5 Common Myths About Your Eyesight

Going blind is a relatively common and understandable fear. After all, we rely on our eyesight every single day, and, without it, many of us would struggle a lot, at least for a little while. Because of this, it makes sense to take care of your eyes and do what you can to avoid any unnecessary and preventable damage. Unfortunately, with so many myths and misconceptions out there, it can be difficult to know exactly what to do to protect your vision. To help you out, here are five common myths you should ignore.

Watching TV Will Hurt Your Eyes

Despite what parents try to tell their children, electronic screens won’t cause vision loss, whether you’re sitting far too close or have been using them for far too long. Of course, staring at a screen for hours on end is going to cause some strain and dryness, but this won’t make you go blind or give you square eyes. Just remember to take plenty of breaks, blink frequently, and use lubricating eye drops if you need them.

Reading In The Dark Is Damaging

Reading in the dark can give you a headache, and, as such, certainly isn’t ideal, but that doesn’t mean that it will damage your eyes. Everyone has read in dim light at some point in their life, and, luckily, all this will ever do is cause your eyes to get a bit tired. They may go blurry at some point, but this is a temporary problem and will go away when you have a rest. That being said, you should avoid reading in dark light, when possible, and point a lamp on the page while reading.

Looking Into The Sun Is Safe

Whether you wear sunglasses or not, looking directly into the sun is never a smart thing to do. Some people believe that doing so can strengthen your eyes and help to improve your vision, but this couldn’t be further from the truth. Unless you have sunglasses that block UV rays completely, which none do, you could damage your retina, cornea, and lens, which can cause blindness.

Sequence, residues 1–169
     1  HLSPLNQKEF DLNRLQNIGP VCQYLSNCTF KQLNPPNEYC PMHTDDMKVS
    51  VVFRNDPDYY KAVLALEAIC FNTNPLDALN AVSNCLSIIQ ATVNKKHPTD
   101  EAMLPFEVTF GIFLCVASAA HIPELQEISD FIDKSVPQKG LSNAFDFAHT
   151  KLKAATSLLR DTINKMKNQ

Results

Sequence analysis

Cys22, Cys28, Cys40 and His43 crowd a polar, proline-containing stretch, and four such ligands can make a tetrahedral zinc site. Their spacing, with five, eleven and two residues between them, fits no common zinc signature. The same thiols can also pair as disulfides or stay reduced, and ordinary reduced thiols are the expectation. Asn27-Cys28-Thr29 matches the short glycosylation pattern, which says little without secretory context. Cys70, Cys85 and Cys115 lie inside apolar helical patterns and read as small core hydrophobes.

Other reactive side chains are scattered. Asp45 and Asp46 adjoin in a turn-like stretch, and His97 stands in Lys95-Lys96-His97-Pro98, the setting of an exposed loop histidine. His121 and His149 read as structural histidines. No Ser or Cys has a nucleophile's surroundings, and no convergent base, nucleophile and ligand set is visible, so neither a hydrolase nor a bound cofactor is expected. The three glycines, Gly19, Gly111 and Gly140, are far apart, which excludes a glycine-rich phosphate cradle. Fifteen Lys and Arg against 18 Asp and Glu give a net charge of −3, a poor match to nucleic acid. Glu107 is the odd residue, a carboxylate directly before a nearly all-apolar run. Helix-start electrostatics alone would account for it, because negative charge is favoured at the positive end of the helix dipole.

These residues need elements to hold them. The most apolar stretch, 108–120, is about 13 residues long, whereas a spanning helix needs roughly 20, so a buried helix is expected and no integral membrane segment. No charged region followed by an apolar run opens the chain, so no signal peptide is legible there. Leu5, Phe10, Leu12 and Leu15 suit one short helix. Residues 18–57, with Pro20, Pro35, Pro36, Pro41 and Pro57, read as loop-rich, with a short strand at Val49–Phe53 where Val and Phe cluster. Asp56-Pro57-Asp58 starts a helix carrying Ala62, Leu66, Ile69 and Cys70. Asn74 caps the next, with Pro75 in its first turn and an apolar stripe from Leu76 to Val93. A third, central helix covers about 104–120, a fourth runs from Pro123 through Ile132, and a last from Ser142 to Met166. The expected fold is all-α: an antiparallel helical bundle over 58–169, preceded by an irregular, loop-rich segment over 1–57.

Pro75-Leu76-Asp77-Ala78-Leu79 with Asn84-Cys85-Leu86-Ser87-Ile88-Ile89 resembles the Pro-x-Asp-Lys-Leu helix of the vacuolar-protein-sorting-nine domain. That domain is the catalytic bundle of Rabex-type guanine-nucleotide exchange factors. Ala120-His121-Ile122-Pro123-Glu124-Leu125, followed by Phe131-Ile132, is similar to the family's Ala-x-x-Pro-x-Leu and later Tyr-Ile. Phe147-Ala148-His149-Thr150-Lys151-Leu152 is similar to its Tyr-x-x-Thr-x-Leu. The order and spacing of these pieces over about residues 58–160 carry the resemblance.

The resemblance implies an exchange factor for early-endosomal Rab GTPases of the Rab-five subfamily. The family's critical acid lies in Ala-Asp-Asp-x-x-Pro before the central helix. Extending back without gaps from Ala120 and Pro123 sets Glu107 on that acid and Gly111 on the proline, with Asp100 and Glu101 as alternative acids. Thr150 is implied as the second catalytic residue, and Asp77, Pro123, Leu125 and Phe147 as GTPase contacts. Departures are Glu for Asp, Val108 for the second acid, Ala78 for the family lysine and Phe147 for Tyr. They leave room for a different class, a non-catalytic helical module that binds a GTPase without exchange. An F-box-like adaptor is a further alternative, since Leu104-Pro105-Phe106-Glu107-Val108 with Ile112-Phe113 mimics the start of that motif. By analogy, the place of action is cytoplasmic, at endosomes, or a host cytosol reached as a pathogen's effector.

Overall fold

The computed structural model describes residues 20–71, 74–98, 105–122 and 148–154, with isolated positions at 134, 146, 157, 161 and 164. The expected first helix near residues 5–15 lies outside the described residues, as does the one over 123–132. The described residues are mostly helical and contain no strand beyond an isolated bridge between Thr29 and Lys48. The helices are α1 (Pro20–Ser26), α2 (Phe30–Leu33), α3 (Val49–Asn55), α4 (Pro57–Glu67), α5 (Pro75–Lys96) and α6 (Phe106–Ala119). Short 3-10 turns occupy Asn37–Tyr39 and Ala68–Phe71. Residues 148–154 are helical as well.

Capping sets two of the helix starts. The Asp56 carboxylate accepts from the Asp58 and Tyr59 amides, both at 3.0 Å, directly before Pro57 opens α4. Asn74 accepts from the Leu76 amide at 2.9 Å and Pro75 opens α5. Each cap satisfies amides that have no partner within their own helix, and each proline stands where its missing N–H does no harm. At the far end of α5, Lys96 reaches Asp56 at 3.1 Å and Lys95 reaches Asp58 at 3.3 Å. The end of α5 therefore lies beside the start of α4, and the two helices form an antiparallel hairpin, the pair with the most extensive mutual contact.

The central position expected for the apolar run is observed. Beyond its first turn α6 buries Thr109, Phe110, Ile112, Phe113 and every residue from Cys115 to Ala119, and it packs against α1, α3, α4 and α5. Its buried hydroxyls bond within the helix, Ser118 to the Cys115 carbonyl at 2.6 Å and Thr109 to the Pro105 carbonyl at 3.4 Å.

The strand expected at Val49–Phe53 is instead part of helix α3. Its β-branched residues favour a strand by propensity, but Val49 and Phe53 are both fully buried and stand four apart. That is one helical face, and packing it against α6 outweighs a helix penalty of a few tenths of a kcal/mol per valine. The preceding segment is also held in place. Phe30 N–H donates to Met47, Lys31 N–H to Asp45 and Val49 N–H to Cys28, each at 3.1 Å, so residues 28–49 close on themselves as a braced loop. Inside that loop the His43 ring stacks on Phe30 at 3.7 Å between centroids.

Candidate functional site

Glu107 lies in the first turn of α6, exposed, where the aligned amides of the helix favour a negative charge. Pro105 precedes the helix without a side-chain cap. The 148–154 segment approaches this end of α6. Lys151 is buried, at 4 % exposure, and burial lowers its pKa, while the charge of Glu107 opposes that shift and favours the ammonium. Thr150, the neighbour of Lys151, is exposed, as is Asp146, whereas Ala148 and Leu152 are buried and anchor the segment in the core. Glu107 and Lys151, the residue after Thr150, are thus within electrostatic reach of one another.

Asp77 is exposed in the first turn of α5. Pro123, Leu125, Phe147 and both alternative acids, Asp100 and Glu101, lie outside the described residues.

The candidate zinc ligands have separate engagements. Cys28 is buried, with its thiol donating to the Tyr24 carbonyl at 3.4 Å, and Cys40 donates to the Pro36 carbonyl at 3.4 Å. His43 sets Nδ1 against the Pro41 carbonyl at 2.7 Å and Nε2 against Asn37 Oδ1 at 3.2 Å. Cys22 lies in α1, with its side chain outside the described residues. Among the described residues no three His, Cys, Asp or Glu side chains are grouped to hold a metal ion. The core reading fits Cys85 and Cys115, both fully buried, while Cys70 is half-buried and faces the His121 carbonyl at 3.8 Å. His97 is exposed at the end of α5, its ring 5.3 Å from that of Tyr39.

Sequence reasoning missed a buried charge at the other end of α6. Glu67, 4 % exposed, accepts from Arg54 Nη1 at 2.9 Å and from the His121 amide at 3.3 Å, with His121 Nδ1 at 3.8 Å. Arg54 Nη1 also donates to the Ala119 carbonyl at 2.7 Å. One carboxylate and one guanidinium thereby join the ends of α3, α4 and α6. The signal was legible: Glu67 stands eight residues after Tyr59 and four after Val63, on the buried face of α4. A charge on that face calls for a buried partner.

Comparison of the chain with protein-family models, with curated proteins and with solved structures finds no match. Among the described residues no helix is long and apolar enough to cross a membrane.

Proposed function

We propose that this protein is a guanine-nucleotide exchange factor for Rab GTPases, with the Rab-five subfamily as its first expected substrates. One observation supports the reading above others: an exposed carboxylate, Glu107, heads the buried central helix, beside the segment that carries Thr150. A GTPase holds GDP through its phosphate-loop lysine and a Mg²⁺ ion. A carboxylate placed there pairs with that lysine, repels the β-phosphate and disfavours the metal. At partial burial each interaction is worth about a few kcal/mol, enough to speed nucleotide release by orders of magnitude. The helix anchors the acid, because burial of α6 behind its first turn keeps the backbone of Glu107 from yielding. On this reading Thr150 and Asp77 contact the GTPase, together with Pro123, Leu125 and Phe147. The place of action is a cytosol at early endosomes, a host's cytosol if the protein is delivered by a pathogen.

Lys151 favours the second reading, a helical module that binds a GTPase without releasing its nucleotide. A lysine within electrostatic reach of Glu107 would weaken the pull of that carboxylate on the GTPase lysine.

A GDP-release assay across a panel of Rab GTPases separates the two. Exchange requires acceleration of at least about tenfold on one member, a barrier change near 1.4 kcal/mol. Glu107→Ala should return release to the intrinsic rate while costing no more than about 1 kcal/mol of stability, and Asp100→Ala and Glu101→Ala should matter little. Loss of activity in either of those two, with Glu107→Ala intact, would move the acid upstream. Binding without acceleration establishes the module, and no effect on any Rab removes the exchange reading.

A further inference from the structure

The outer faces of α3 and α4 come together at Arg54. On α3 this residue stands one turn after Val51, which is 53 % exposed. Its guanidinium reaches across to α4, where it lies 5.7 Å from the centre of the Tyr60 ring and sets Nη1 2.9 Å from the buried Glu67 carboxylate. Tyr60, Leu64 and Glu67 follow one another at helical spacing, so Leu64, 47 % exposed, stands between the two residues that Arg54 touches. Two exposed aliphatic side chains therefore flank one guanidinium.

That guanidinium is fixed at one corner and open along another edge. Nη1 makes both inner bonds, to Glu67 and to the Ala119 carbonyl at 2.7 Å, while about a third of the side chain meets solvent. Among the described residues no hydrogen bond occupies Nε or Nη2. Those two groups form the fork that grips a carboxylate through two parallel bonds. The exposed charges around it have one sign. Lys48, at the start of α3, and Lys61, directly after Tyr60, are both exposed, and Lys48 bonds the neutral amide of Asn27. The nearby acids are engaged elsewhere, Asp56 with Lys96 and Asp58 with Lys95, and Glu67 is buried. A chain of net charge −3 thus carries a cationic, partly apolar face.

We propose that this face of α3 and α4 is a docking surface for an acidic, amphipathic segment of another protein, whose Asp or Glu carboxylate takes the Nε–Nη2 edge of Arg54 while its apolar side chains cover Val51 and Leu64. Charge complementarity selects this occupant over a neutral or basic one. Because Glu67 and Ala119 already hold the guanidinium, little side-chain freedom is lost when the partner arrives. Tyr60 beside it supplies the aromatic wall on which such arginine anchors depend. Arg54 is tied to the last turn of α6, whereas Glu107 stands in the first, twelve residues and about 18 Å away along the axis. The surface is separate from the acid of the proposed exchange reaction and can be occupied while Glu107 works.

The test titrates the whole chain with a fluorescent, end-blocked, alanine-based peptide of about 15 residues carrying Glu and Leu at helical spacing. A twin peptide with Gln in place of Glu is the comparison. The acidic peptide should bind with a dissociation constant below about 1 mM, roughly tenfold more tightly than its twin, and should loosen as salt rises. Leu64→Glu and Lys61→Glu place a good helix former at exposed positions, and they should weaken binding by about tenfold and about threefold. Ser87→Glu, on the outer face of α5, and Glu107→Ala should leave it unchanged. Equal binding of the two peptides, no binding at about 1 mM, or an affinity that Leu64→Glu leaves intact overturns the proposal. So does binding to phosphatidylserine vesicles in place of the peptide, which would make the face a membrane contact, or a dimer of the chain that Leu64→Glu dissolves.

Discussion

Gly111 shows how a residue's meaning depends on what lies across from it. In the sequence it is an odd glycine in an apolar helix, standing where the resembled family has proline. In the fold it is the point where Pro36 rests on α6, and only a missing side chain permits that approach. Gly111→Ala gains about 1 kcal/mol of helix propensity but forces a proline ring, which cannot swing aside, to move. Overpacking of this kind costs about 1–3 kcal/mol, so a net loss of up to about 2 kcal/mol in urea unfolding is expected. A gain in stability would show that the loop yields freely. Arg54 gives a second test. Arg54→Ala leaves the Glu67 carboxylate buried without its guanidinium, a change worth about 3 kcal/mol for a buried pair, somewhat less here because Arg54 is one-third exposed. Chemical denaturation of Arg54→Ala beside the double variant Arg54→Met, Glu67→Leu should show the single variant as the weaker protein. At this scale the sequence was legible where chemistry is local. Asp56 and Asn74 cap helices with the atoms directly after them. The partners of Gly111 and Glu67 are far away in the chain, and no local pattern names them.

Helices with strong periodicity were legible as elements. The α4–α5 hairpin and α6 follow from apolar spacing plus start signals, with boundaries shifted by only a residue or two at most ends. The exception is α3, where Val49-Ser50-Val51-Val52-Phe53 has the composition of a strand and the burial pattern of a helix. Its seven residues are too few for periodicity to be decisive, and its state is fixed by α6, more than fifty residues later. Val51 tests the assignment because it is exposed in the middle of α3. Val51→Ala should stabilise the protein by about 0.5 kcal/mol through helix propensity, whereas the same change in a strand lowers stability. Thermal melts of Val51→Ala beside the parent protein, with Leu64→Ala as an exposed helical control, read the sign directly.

Vision Loss Always Happens With Age

Most people face issues with eyesight when they get older, as vision does naturally deteriorate as our bodies age. However, that doesn’t mean that your sight is definitely going to get worse. There are a number of things that you can do to slow down deterioration and protect your vision, including attending a regular eye exam, eating a healthy diet, and wearing sunglasses. If you take precautions, there’s no reason why you should definitely lose your sight

Carrots Can Improve Your Eye Health

Unfortunately, no matter how many snowman noses you eat, it’s not going to help you to see in the dark, but that doesn’t mean that carrots are completely useless. In fact, they can help to protect the surface of your eye, but only because they are a source of vitamin A. Of course, considering that many fruits and leafy greens are also a source of this vitamin, carrots aren’t quite the miracle eye food many people believe them to be.

 

Hopefully, now that you understand the truth behind a few of the more common eyesight myths, you’ll know how to protect your own vision.

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About Author

Brittany Crane

Brittany is a blogger who loves to do stories on people who make a difference in the world. She graduated from Northwestern University in 2010 in Sociology and currently works part time as a Social Worker.

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